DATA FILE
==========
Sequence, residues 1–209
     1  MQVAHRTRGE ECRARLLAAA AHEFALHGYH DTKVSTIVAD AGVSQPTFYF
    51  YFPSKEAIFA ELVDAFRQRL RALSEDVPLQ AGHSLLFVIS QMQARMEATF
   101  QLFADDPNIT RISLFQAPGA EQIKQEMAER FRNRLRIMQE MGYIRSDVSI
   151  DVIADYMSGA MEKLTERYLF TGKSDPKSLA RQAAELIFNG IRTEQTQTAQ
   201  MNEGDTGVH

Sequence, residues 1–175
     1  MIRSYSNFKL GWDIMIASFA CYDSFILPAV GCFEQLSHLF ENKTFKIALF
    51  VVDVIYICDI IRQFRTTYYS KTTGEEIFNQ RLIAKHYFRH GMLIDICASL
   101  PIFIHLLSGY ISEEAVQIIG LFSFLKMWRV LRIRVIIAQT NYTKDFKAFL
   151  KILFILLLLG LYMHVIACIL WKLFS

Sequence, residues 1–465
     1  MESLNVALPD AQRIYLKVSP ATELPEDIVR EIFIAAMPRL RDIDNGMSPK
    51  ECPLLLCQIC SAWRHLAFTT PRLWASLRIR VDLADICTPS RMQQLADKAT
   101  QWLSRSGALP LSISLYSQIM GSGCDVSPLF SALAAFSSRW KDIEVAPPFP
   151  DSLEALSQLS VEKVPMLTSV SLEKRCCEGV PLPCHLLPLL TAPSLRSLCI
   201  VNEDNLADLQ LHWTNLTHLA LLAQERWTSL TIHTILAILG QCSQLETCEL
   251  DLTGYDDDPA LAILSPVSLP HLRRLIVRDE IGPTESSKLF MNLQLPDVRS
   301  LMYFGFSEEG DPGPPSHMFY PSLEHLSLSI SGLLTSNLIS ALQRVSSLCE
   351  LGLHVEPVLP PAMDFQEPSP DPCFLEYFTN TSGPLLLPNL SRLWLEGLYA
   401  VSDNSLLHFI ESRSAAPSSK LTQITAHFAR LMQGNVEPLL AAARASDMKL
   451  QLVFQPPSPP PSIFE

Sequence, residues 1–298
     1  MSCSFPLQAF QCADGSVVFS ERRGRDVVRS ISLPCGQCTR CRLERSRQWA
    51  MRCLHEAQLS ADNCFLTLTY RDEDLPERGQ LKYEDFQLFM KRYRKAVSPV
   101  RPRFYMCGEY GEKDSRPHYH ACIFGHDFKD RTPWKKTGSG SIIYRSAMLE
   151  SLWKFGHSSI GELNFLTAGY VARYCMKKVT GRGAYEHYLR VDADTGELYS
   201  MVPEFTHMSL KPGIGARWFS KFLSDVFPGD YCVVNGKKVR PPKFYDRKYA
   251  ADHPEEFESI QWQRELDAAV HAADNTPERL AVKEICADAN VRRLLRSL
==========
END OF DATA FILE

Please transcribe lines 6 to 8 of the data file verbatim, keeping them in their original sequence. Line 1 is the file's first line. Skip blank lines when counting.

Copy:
   201  MNEGDTGVH

Sequence, residues 1–175
     1  MIRSYSNFKL GWDIMIASFA CYDSFILPAV GCFEQLSHLF ENKTFKIALF